Emergency repairs are underway to a water system in Warm Springs, more than three weeks after a line break was discovered to be putting human health and wildlife at risk.

But as soon as crews replaced one critical stretch of pipe Wednesday, a different water line broke and a pressure valve blew, prolonging the outages and warnings to boil water for thousands of people on the largest tribal reservation in Oregon.

The latest round of failures will have to be fixed before water can flow to the central campus area, where tribal government, a clinic and many businesses are based, according to KWSO, a radio station owned and operated by the Confederated Tribes of Warm Springs.

The station has been posting daily updates to let people know where to find donated bottled water and showers outside of their homes. Meanwhile, largely unused port-a-potties have lined the streets all month, braced for things to get worse. Tribal officials originally hoped to at least keep non-drinkable water flowing (and toilets flushing), by filling up a reservoir system and relying on that during repairs. But now, the busted pressure valve has completely drained one of those reservoirs, and other neighborhoods have a projected 24-36 hours of water on hand.

Last month the Tribal Council for the Confederated Tribes of Warm Springs declared a disaster over a drinking water system with deficiencies that have long raised flags with public health agencies and fueled distrust within the community.

Clean water gushes out of a piped spring near the Warm Springs Reservation on June 7. 2019. Many tribal members rely on Rattlesnake Spring for drinking water, rather than using the taps.

Clean water gushes out of a piped spring near the Warm Springs Reservation on June 7. 2019. Many tribal members rely on Rattlesnake Spring for drinking water, rather than using the taps.

Emily Cureton/OPB

In May, chlorinated water was found leaking into a tributary of the Deschutes River called Shitike Creek. Keith Whisenhunt, a civil engineer contracted by the Confederated Tribes of Warm Springs, warned the chlorine can be harmful to fish.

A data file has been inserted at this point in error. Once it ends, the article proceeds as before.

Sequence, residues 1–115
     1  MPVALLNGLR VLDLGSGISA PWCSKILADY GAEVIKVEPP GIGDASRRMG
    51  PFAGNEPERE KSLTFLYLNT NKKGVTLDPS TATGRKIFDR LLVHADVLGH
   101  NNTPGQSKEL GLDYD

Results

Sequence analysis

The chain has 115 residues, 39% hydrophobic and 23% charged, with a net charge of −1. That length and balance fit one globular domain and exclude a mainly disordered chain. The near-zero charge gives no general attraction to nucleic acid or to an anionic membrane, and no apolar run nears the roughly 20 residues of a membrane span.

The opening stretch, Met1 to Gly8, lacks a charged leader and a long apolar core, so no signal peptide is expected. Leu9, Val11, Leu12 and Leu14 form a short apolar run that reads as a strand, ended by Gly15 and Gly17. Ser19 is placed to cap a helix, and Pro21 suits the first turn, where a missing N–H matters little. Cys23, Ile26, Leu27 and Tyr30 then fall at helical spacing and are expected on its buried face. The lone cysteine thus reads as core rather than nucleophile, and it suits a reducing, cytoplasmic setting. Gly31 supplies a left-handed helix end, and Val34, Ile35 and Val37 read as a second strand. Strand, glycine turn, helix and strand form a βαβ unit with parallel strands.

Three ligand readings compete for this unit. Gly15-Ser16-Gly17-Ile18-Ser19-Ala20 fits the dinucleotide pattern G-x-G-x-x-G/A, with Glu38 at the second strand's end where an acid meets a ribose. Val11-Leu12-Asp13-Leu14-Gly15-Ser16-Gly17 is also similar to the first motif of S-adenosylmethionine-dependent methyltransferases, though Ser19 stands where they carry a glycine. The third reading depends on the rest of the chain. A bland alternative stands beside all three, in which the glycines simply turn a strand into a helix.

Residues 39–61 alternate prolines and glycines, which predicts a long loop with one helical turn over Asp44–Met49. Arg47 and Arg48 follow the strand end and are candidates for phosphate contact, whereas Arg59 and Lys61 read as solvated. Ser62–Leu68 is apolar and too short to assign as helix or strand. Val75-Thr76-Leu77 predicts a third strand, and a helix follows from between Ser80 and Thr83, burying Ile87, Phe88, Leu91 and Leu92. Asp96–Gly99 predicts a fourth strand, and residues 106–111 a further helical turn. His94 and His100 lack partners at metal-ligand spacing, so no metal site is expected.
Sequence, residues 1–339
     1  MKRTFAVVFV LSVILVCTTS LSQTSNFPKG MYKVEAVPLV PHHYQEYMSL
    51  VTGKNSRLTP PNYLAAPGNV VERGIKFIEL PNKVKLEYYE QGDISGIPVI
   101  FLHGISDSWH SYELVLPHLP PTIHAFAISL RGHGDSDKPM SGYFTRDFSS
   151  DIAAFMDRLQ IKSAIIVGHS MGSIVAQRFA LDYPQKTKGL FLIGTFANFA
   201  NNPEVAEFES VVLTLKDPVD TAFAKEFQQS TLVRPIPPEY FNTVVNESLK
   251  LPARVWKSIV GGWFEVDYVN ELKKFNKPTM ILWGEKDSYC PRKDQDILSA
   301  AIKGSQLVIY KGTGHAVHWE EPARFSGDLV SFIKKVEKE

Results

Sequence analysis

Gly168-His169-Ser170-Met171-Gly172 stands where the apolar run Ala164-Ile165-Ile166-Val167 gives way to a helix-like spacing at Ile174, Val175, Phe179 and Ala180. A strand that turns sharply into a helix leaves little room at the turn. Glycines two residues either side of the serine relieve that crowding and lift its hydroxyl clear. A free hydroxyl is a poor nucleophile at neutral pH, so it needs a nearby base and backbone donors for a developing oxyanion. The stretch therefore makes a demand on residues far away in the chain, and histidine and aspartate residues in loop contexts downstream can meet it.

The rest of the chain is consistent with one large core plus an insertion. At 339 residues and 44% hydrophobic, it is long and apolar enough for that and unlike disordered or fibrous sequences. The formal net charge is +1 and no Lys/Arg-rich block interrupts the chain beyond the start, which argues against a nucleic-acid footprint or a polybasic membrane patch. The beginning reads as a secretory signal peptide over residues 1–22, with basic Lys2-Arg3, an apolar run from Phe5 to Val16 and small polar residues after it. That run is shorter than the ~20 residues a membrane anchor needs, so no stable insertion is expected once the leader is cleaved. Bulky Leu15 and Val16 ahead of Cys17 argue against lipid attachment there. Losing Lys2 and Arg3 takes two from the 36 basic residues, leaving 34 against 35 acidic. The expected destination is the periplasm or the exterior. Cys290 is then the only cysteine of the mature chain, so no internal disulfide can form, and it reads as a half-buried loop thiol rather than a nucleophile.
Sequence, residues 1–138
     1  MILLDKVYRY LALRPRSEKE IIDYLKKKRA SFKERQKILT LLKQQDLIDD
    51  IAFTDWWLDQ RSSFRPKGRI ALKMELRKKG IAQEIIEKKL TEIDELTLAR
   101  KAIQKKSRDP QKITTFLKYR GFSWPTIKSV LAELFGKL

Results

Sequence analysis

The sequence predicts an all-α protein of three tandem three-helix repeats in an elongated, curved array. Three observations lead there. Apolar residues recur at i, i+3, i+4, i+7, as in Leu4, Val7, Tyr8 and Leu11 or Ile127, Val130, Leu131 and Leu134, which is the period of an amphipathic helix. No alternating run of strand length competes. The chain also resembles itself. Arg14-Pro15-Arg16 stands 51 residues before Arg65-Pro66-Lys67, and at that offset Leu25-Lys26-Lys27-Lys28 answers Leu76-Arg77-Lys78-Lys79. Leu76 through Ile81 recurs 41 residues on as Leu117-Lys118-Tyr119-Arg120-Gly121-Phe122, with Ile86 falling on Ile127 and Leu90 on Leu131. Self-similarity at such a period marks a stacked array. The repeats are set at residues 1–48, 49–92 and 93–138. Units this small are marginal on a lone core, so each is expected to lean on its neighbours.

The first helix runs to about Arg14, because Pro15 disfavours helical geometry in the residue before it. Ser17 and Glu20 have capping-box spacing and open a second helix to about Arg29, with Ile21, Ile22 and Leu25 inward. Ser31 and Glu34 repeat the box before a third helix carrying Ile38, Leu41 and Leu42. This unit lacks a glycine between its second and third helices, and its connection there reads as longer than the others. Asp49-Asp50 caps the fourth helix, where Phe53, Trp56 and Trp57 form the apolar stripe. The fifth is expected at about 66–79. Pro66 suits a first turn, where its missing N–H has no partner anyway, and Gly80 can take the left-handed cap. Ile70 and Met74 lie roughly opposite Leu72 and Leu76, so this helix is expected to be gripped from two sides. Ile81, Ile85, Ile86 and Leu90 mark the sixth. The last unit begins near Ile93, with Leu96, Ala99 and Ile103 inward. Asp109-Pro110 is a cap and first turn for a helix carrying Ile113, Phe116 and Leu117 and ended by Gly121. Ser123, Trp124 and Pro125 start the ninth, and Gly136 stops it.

At a public meeting hosted by the Tribe and recorded by KWSO Monday night, he explained the plan to replace about 100 feet of pipe running across the creek.

“What we’re doing now is an emergency repair. It’s not intended to be the long term solution, the permanent fix,” Whisenhunt cautioned. “It’s intended to buy the community two or three years to go through a planning process, work with various funding agencies in an effort to identify and plan that project, set up funding and get it constructed.”

At the same meeting, Warm Springs Chief Operating Officer Alyssa Macy hinted at the scope of the infrastructure problems.

“There’s a whole lot of stuff out there with our water, our wastewater, our water distribution, our lines that work with our water treatment plant, our wastewater treatment, and our landfill. These are really big cost items and they impact all of us.” Macy said, urging the crowd to conserve water as the reservation works to repair the system.

Macy has said it could cost $40 million to replace the water treatment alone. A spokeswoman for Oregon Gov. Kate Brown said in an email her office has been in communication with the Tribe, and federal agencies, to discuss resources “for the more than $80 million in overall infrastructure needs for the area.”

In the meantime, KWSO provides daily updates to the thousands of people affected by the immediate disaster — living under boil water notices or without running taps at all.